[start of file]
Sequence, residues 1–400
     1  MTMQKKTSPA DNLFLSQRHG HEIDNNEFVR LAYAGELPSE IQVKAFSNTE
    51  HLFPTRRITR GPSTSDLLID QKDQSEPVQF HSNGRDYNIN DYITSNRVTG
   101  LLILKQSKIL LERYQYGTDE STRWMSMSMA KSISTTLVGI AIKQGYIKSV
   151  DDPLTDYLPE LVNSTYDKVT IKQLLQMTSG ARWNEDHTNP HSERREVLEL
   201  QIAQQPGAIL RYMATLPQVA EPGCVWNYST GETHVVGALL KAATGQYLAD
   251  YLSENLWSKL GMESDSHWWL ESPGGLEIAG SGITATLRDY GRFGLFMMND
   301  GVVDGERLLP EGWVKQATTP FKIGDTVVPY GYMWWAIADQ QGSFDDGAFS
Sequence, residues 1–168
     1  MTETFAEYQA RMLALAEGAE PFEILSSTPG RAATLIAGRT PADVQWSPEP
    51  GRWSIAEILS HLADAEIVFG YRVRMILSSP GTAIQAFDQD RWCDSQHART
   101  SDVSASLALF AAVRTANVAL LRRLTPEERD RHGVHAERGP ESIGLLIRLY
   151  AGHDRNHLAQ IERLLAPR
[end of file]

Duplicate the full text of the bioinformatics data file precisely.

Sequence, residues 1–400
     1  MTMQKKTSPA DNLFLSQRHG HEIDNNEFVR LAYAGELPSE IQVKAFSNTE
    51  HLFPTRRITR GPSTSDLLID QKDQSEPVQF HSNGRDYNIN DYITSNRVTG
   101  LLILKQSKIL LERYQYGTDE STRWMSMSMA KSISTTLVGI AIKQGYIKSV
   151  DDPLTDYLPE LVNSTYDKVT IKQLLQMTSG ARWNEDHTNP HSERREVLEL
   201  QIAQQPGAIL RYMATLPQVA EPGCVWNYST GETHVVGALL KAATGQYLAD
   251  YLSENLWSKL GMESDSHWWL ESPGGLEIAG SGITATLRDY GRFGLFMMND
   301  GVVDGERLLP EGWVKQATTP FKIGDTVVPY GYMWWAIADQ QGSFDDGAFS
Sequence, residues 1–168
     1  MTETFAEYQA RMLALAEGAE PFEILSSTPG RAATLIAGRT PADVQWSPEP
    51  GRWSIAEILS HLADAEIVFG YRVRMILSSP GTAIQAFDQD RWCDSQHART
   101  SDVSASLALF AAVRTANVAL LRRLTPEERD RHGVHAERGP ESIGLLIRLY
   151  AGHDRNHLAQ IERLLAPR